Refugees – Aslyees in the United States

2019-05-15 Calligraphy No comment

According to international refugee law, refugees are refugees who seek refugees in foreign countries because of war and violence or persecution in their country. The United States recognizes that it is confiscated as a reason/requirement for asylum seekers because of “ethnicity, religion, nationality, political opinion, or membership of a particular social group”.

The person is called an asylum seeker before receiving and approving the refugee claim. Only after the protection of the asylum seeker needs to be recognized, he/she is officially called refugee and voluntary refugee status, and assumes certain rights and obligations under the legislation of the receiving country.

Under the Immigration and Nationality Act [INA], the President of the United States submits annually to Congress a proposal for the largest number of refugees who can enter the United States in the next fiscal year. This number is also known as the "Refugee Ceiling." Every year, debt is used as a refugee advocate to seek to increase the number of anti-immigrant groups that they hope to reduce. Regardless of the outcome or requirement, once raised, the refugee ceiling is usually accepted without any substantive joint statement.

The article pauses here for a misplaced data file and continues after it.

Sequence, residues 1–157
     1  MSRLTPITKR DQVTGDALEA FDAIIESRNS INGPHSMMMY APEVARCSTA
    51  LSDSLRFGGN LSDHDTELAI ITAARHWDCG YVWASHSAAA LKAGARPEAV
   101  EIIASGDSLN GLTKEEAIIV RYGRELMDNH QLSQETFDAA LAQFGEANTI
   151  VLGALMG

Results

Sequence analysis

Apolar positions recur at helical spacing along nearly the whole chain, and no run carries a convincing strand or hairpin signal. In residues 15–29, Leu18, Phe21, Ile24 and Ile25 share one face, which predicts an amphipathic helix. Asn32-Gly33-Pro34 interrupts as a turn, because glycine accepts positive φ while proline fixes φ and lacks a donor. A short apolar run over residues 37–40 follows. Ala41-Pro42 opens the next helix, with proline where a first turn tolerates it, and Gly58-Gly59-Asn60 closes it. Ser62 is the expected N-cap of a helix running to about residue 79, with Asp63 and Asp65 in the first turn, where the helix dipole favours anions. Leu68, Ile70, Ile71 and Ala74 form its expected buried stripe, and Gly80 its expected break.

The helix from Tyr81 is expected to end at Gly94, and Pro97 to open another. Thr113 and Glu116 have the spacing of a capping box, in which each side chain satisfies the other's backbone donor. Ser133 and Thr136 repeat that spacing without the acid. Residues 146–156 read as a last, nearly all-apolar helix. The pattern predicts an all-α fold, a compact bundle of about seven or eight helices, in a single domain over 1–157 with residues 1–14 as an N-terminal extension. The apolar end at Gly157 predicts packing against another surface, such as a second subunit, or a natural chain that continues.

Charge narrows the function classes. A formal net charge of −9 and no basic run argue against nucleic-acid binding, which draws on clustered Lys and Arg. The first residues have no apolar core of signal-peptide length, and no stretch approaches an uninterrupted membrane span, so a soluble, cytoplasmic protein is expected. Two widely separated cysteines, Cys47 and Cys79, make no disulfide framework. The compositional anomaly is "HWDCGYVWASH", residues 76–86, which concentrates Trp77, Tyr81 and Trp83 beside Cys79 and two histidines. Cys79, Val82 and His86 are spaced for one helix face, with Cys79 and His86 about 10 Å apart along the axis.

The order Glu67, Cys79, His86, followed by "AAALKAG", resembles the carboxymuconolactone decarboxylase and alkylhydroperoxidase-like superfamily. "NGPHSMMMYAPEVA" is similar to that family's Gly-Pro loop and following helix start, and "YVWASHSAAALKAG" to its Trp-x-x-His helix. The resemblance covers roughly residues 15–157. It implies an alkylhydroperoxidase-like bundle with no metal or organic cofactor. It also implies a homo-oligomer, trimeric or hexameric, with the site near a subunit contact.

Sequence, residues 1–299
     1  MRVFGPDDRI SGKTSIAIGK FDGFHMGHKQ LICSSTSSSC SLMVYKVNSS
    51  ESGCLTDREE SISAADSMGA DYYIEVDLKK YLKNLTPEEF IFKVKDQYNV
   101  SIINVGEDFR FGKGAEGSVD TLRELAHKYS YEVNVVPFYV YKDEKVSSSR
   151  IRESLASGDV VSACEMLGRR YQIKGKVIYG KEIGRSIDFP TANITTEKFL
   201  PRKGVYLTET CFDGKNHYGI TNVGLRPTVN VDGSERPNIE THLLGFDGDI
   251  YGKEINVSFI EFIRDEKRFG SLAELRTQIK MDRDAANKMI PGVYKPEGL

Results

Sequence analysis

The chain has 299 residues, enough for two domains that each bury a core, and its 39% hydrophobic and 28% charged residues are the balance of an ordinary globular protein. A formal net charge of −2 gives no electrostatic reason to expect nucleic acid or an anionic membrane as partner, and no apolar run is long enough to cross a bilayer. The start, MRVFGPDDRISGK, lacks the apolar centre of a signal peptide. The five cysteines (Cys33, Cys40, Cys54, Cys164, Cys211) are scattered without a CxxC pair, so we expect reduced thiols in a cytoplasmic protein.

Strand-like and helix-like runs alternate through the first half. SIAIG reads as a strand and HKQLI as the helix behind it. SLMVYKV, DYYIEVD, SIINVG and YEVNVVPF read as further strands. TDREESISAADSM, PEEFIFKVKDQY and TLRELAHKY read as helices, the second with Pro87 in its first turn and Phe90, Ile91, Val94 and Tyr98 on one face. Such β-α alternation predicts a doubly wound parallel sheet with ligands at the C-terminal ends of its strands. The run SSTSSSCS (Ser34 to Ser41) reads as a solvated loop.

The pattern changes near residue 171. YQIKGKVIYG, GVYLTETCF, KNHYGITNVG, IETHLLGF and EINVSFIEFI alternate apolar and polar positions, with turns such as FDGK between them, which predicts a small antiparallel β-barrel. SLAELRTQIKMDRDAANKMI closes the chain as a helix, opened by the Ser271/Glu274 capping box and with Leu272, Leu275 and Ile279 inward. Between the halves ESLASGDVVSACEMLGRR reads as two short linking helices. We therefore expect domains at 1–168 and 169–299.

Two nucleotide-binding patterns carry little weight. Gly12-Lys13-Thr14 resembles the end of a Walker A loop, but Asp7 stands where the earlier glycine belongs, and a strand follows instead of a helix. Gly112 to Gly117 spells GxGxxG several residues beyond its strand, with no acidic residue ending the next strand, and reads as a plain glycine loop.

After the terrorist attacks on September 11, 2001, the number of immigrants increased to about 26,000 in 2002, and the application for resettlement was seriously disturbed and confused. All refugee status applications for all suspicious activities are double-checked, and strict procedures are infiltrated into the United States by detecting any possible terrorism.

Given that foreigners can easily enter the United States legally, entry through refugee classification is relatively unrelated. The number of refugees entering the country increased in the following years, and the number of refugees in fiscal year 2006 was limited to 70,000. However, these figures are still the lowest figures in 30 years.

Benefits of Asylee Identity:

Once asylum is granted, asylum seekers can legally live and work in the United States and are eligible to apply for legal permanent residency and citizenship. However, an important factor to consider is that asylum is not a permanent guarantee for life in the United States. Therefore, asylum seekers must apply for legal permanent residence within one year from the date of obtaining asylum. In asylee status, you are automatically eligible to work in the United States and do not need an Employment Authorization Document [EAD], otherwise it is usually required.

After receiving asylum, in the first seven years, you are eligible for a combination of social security income, Medicaid and food stamps, and other benefits and services. Sometimes, the qualifications for many of these programs may be extended to the first seven years.

In addition to managing welfare programs and providing general public welfare counseling, the institution also conducts English courses, employment training and placement programs, mental health programs, youth and seniors services, and referrals to other social service agencies.

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